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Tuesday, 21 March 2017

From Lake to Plate - The Boyz Go Ice Fishing!

From Lake to Plate - The Boyz Go Ice Fishing

It's magnificent when you get to cross something off the bucket list. This time last year, we were tapping sugar maple trees in Vermont. This year, CJ and Art invited us to go ice fishing - and we jumped at the chance.  

Putting on layers of clothing to ensure comfortable isolation from the cold wind-chill that can sometimes be biting, we set off and Art found a place to park their truck beside Marsh Lake on Dunlop Shores Road - just 15 minutes north of where we live. Our destination was Summers Lake, a 25 minute trek beyond Marsh Lake. The equipment was unpacked and placed on a sled ready for the trek across the lake, through a portage trail and on to Summers. 

Walking on Water!

We followed the snowmobile/4 wheeler tracks and avoided the spots where there was open water. Once they found a suitable spot on the lake, Art & CJ proceeded to unpack the kit and kaboodle and showed us how to drill holes in the ice. When he pointed to the spot on the auger that we would have to reach before hitting the water below, we were amazed at the thickness of the ice on the frozen lake. It must have been at least 3 feet so we felt totally safe - in spite of the occasional 'cracking' sounds as the ice shifted underneath and around us. 

Art attaches a minnow to the line
A really good teacher, Art explained every step involved in setting up a couple of 'station's where the fishing rod could stand independently, supported by a mound of ice just one foot away from the ice hole. These rods were fit with live minnows as bait, and a bell attached to the top would alert us to a successful bite, giving us time to get to the location and haul in the fish. 

He then proceeded to set us up with rods using lures and taught us to keep it moving so that unsuspecting fish would think it was something to eat, instead of just a piece of metal. Stools were provided or we could just stand. 

The weather was perfect - another clear blue sky with the sun constantly shining and sharing its warmth. There was no wind on the lake and the stillness and peacefulness was mesmerizing. What a wonderful way to pass time - surrounded by awesome scenery while waiting for the fish to bite. The occasional cool breeze was welcome and invigorating. 

Very soon, after getting set up, we started to shuck our outer clothes as it was unbelievably warm - even reaching 9 degrees which, for March in Northern Ontario, is a real blessing.

It wasn't long before I felt a tug on the line and pulled out my very first ice-fishing catch! The thrill of that moment will stay with me for a very long time. A few minutes later, Mark heard the tinkling of a bell and rushed over to one of the stations. Sure enough, there was another bite, and Mark used the hand-over-hand method that Art had taught us to bring in the second fish.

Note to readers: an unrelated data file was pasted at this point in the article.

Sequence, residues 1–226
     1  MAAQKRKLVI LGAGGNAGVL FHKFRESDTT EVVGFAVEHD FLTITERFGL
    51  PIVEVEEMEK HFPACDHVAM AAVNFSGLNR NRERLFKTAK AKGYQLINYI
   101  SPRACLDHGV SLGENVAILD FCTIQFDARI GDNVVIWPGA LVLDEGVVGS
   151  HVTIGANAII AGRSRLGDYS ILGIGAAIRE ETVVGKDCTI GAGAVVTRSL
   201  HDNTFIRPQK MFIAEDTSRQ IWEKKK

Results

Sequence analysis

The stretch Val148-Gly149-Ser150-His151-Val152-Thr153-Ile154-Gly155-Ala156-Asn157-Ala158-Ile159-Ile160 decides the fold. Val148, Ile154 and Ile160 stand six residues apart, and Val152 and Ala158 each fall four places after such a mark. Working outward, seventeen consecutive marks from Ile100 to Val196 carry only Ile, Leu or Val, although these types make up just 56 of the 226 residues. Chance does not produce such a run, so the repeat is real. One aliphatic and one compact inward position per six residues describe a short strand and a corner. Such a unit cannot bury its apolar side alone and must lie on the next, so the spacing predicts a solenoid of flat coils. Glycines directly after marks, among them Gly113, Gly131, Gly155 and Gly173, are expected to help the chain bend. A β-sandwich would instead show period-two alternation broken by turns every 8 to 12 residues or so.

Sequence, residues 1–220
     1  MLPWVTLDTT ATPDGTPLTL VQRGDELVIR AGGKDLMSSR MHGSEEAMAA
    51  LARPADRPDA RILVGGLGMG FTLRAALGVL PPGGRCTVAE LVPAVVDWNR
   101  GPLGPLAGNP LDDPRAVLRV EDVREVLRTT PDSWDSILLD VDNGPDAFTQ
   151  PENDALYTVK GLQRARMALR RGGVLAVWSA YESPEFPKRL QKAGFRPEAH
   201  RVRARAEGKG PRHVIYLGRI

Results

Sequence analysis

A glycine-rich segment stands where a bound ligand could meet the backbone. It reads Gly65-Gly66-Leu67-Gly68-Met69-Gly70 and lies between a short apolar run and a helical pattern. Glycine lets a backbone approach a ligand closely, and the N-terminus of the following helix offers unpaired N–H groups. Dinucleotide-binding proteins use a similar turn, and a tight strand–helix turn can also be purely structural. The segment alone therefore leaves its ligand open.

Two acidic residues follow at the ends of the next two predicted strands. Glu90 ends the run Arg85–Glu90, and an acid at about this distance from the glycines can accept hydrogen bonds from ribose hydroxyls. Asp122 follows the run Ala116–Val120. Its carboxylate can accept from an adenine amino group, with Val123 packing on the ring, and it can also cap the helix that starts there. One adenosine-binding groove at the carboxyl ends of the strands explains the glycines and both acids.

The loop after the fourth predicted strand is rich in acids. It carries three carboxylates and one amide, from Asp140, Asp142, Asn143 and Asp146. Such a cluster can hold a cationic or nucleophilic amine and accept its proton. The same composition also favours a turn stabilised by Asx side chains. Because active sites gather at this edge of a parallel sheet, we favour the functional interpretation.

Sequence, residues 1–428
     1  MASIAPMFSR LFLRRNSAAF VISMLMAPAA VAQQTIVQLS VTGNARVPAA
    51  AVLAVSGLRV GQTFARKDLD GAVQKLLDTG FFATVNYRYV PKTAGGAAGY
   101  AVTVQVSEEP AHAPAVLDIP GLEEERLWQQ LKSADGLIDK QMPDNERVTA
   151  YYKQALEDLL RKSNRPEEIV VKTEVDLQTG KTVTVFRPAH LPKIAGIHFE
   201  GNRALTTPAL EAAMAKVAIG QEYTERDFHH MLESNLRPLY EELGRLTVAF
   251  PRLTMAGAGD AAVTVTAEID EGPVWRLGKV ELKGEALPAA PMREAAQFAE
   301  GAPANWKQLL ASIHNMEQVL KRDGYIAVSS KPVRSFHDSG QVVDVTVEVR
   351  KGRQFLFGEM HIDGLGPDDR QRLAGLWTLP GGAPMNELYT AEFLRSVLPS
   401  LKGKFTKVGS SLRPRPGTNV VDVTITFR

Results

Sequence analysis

In all, we caught 4 lake trout between us, within a the first couple of hours. 

There were a few other people out fishing - including some people that were known to our friends. Coming from the U.K., I am still fascinated by seeing vehicles on the frozen lakes - even though I've lived here, in Canada, since 1989. There were snowmobiles and 4-wheelers to be seen, which occasionally provided a contrast from the silence of the lake. (Though, our frequent chatter and banter also had the same effect!!)

4-wheelers in a huddle!

Art started a fire near the edge of the lake and CJ unpacked the Debrazini sausages ready for roasting. Just like when camping - there's something about being outside that stimulates the appetite; and there's nothing quite like the taste of food that has been grilled over an open fire. 

Cooking the Debrazini Wieners

The propane kettle was brought out and we washed down our wiener wraps with some nice warm herbal tea. CJ and Art are so well-prepared that it would never surprise us if they served up a 3-course meal on the frozen lake!!!

Anyone for a nice cuppa?

We continued to fish for another hour or so before we acknowledged that the feeding frenzy was probably over and that we wouldn't be catching any more. It was time to pack up and begin the trek back to the truck. 

Reaching their home, we enjoyed a beer/pop on the back deck, still enjoying the pleasant temperature before we congregated in the kitchen to watch the fish being gutted, cleaned, and prepared for cooking. 

Admiring the skill of these two professionals, we stood in awe as the fish were filleted, coated with spiced breadcrumbs, and placed into a pan alongside a second pan containing mixed veggies. 

By this time, appetites were well and truly whetted, and a glass of wine was in order. 

At last, the meal was ready, the table laid, and four happy campers sat down to enjoy the fruits of their labours. 

I asked for mine to be charred

Yummy in my Tummy!

I tell you, this Northern Ontario lifestyle suits us to the tee - especially when we are lucky enough to have good friends who are willing to share the thrills of being outdoors on such a fine, winter's day!

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Sunday, 19 March 2017

A Day of Fun, Laughter, and an Outdoor Tea Party!

A Day of Fun, Laughter, and an Outdoor Tea Party!

We can always count on fun and laughter whenever we spend time with our friends, CJ and Art!